Reduced till and the bottom line

A 2016 study looked to quantify the economic and environmental implications of reduced intensity tillage practices when crop mixes are optimised for profit (gross margin).

Six tillage systems were compared:

  • Conventional (CT)
  • Rotational ploughing (RP)
  • Deep reduced tillage (DRT)
  • Shallow reduced tillage with medium disc harrow (SRT1)
  • Shallow reduced tillage with spring-tine harrow (SRT2)
  • Zero tillage (ZT)

By reducing the intensity of tillage it was found that farmers could increase gross margins and net energy whilst reducing their green house gas (GHG) emissions.

Gross margin (£ farm−1) +14% +23% +23% +24% +35%
Net energy (GJ farm−1) +2% +8% +8% +8% +9%
GHG emissions (kg CO2-eq farm−1) -5% -9% -9% -11% -11%

Table 1: Gross margins, net energy and GHG emissions for each tillage system in comparison to conventional tillage

The study found:

  • Gross margins were higher for reduced till systems.
  • All reduced till systems had similar gross margins.
  • Higher net margins for reduced till systems reflected the reduced labour, machinery and fuel costs.
  • Time and labour requirements of conventional tillage were higher as a result of the slow work rate of the power harrow. The time and labour requirement often exceeds the farms resources meaning work is contracted out increasing costs.
  • To spread out the workload and limit contractor costs in the conventional tillage system, a less valuable crop mix was untilised. Reduced till systems require less cultivation, as more resources are available a more valuable crop mix could be grown.
  • Although reduced tillage frees up resources, reduced tillage restricts the use of root crops. Therefore flexibility of crop choice is reduced.
  • Two sets of machinery are required for rotational tillage systems so machinery costs are similar to that of conventional tillage systems. However, machinery use is reduced.
  • SRT1 requires a smaller tractor than DRT, but as the work rate is lower gross margins remain similar.
  • Gross margins remained higher in reduced till systems compared to conventional systems when additional herbicides were required for black grass control.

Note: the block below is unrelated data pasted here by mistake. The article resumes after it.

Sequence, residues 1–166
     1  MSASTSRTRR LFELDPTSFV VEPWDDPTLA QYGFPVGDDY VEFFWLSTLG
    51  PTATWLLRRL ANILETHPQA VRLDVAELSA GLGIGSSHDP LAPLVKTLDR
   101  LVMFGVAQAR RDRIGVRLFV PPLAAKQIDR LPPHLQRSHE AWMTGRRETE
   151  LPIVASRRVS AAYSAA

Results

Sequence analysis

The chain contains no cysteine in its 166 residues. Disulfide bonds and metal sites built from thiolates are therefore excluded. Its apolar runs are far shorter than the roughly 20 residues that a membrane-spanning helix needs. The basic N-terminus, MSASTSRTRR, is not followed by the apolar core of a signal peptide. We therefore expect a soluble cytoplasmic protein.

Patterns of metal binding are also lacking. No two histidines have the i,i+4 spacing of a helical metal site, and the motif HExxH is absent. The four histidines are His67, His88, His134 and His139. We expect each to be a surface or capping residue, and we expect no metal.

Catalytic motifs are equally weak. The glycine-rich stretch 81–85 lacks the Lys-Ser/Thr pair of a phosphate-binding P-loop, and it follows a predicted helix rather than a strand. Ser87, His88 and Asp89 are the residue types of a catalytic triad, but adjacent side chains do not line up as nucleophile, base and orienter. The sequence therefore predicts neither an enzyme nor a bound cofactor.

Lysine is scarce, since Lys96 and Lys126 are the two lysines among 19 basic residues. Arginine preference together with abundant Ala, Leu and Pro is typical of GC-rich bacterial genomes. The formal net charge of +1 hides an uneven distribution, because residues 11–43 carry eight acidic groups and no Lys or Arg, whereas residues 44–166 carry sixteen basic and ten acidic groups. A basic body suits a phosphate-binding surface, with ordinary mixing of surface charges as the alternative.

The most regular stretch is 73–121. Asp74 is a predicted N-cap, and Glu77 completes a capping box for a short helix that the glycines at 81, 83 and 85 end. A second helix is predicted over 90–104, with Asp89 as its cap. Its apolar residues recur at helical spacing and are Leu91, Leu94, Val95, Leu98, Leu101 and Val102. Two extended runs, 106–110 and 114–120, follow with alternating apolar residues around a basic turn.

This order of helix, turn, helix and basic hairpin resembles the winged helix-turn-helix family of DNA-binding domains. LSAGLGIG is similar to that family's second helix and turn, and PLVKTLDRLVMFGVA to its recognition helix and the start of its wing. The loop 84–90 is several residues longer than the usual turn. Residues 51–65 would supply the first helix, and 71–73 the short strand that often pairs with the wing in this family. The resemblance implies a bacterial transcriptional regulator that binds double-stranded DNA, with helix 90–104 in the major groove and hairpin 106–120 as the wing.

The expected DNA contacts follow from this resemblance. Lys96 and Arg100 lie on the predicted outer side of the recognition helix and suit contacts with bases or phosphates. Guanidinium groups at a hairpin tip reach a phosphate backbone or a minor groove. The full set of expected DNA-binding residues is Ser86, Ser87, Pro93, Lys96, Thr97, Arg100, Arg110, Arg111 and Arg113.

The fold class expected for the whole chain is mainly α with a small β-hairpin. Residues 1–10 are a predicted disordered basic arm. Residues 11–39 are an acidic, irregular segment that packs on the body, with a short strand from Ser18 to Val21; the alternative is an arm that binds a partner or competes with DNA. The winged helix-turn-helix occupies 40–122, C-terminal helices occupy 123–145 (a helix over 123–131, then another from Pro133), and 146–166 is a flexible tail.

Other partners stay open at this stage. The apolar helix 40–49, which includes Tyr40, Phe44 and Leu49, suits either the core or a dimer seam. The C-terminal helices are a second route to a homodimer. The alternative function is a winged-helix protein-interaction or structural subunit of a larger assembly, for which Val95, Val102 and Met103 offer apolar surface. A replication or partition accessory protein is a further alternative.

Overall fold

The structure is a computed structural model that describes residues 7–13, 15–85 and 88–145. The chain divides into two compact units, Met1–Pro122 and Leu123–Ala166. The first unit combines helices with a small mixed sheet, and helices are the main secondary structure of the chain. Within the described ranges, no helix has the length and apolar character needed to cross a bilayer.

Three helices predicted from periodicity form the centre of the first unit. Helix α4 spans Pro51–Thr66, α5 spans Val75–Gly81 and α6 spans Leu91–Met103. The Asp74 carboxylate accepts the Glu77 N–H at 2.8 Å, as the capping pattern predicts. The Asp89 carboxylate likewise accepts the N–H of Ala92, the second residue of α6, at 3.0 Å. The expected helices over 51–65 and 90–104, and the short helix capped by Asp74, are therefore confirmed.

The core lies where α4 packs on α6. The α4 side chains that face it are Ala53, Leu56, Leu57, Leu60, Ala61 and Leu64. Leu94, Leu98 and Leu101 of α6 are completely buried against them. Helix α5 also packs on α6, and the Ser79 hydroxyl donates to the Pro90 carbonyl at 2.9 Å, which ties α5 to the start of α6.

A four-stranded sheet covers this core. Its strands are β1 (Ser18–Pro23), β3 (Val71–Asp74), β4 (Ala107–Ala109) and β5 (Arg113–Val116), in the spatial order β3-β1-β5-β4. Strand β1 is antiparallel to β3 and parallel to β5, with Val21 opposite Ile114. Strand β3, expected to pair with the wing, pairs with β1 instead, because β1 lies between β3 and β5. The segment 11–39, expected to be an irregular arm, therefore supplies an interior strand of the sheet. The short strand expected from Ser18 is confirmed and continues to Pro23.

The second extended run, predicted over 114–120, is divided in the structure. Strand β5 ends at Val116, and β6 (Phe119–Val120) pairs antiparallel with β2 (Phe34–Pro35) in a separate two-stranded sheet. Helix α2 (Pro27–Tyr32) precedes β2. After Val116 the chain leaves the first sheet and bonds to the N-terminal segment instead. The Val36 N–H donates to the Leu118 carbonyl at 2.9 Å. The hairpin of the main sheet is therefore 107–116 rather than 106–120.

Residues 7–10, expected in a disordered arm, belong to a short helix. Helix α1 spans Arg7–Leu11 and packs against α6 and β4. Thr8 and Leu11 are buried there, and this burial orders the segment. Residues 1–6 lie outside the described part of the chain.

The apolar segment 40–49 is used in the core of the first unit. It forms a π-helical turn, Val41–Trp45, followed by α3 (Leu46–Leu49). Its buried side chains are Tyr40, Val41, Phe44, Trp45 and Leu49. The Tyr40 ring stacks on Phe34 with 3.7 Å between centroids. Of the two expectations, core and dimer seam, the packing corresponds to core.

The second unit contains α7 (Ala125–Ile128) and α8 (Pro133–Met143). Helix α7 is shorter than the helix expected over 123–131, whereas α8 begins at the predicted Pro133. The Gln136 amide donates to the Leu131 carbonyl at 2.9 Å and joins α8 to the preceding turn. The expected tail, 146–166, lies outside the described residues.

GM (£ ha−1) +14% +23% +24% +23% +25%
Fuel use (L farm−1) -23% -47% -47% -54% -58%
Contractors’ fees (£ farm−1) -74% -78% -78% -78% -78%
Machinery costs (£ farm−1) -3% -7% -24% -27% -30%
Machinery costs (£ ha−1) -3% -6% -24% -27% -30%
Fuel costs (£ farm−1) -23% -47% -47% -54% -58%
Fuel costs (£ ha−1) -22% -47% -47% -53% -58%
Labour costs (£ farm−1) -14% -39% -40% -31% -45%
Labour costs (£ ha−1) -14% -39% -41% -32% -46%
Net margins (£ farm−1) +23% +39% +51% +56% +59%
Net margins (£ ha−1) +22% +39% +51% +56% +59%

Table 2: Fuel, labour, machinery, and contractor costs and the resultant net margins for each tillage system in comparison to conventional tillage when crop mix is optimised for gross margins.


Although yields are reduced, a zero till system can absorb reduction in yield of 14.2% before the gross margin falls below that of a conventional till system. A rotational till system can sustain a yield reduction of 8.1%. This ultimately means that more land will be required to produce yields required to maintain total food production. The benefits of zero till over shallow reduced till are minimal.

  • Cost savings are the main consideration for uptake in Northern Europe.
  • 30-40% of arable land in England is under reduced till cultivation, most in the from of mixed tillage systems.
  • Rotational ploughing is common as some benefits are achieved whilst minimising risk.

Barriers to uptake

  • Change in machinery requirements (capital and learning costs)
  • Benefits are uncertain
  • Farm size – smaller farms are less likely to be able to cover costs associated with changing system.
  • Crop rotation
  • Climate
  • Soil type
  • Difficulties with increased weed burden
  • Yield penalties


Townsend, T.J., Ramsden, S.J. and Wilson, P., 2016. Analysing reduced tillage practices within a bio-economic modelling framework. Agricultural systems146, pp.91-102.